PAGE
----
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Funny Lady: Barbara Stanwyck
Barbara Stanwyck has been amongst performers since an early age – from sixteen year old showgirl with the Ziegfeld Follies, to Broadway star and censor’s nightmare in pre-code films, it was a long and exciting road till she rocked 1941 with three delicious comedies: The Lady Eve, Ball of Fire, and Meet John Doe. One of the single most versatile actresses of Old Hollywood, Stanwyck became notorious for an acting style that stroke as unusually natural for her time, and an onscreen presence that evoked empathy as well as an uncanny desire to be somehow connected to her, whether through feelings of desire or companionship. It is often said that a certain actress lits the screen; to me, Barbara Stanwyck sets it on fire — and she didn’t do so through sex appeal a la Marilyn Monroe, nor through the dramatic powers of Bette Davis; she took center stage for her quick wits, sincere emotions, empowering confidence, and that extra something that is the secret to every star. 
Directed by Preston Sturges in The Lady Eve, Stanwyck played a master con-artist who falls for her prey, Henry Fonda. He’s a rich snake specialist (that’s right) who is far too naïve when around women, and she is perfectly aware of that fact. Aboard a cruise ship, he has nowhere to run, and so she plays him like a pro. Next, working with noted director Frank Capra in Meet John Doe, she interprets a keen journalist who, as a desperate last attempt at keeping her job, writes a fake letter about a man who swears he will commit suicide on Christmas, due to the state of the American society. This brings such attention to the newspaper that castings for this John Doe begin — that’s when Gary Cooper is chosen as the man to lead what quickly escalades into a political movement based on strong values and nobility of character. And of course, romance between the two will arise.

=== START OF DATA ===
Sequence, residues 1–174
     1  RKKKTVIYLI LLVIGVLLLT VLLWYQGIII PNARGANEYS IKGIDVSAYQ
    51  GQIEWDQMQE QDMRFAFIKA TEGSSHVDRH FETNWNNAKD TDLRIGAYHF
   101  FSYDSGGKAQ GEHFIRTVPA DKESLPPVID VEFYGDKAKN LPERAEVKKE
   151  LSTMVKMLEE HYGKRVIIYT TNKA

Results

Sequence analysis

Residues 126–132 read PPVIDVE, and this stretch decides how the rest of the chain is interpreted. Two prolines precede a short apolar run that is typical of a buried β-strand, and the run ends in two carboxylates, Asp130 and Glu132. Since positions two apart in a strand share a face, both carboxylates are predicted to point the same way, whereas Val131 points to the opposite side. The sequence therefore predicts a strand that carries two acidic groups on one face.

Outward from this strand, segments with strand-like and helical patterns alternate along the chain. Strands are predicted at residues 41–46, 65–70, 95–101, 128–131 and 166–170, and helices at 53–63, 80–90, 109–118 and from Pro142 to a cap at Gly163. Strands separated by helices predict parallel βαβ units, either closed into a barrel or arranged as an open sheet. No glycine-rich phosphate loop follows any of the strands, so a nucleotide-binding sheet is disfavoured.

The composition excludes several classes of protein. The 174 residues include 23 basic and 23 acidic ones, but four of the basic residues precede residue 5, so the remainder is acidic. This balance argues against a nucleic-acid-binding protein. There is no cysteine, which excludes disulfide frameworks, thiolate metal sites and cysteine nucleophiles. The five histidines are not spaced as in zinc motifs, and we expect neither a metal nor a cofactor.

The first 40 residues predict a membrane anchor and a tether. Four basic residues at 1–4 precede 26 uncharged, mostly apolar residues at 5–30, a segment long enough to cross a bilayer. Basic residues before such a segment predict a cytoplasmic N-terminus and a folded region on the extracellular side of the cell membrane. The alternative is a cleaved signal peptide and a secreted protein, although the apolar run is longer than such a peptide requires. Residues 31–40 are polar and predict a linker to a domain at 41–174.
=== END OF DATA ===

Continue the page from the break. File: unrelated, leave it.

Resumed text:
Then came Ball of Fire, directed by the legendary Howard Hawks, and once again featuring Barbara Stanwyck and Gary Cooper. In this cheerfully sweet story she plays a singer/dancer who, thanks to her connections with a certain gangster in trouble, ends up looking for a safe place to stay on the house where a group of intellectuals is working on a new encyclopaedia. All of them elderly except for a professor in charge of the vocabulary section (Cooper), who falls in love with her. They’re onscreen chemistry works wonderfully thanks to the combo of their two very distinct personalities: while Cooper mumbles timidly feeling like a little boy (yet nonetheless masculine), her fiery presence and disarming confidence acts as the perfect counterbalance, whilst giving true meaning to “opposites attract”.  
In all of these she thrives for the sheer confidence of her characters who, particularly in Ball of Fire and The Lady Eve, seem to have the rare talent for controlling the men around them, though never truly being a predator — which is what makes them so damn fascinating. Stanwyck could be loving and strong, intelligent and sexy, funny and fierce. Always an equal on screen, at all times magnetic, and ever true to her character. She embodied a kind of woman that is sadly rare on the big screen nowadays; but thanks to these pictures, they are now immortal. 
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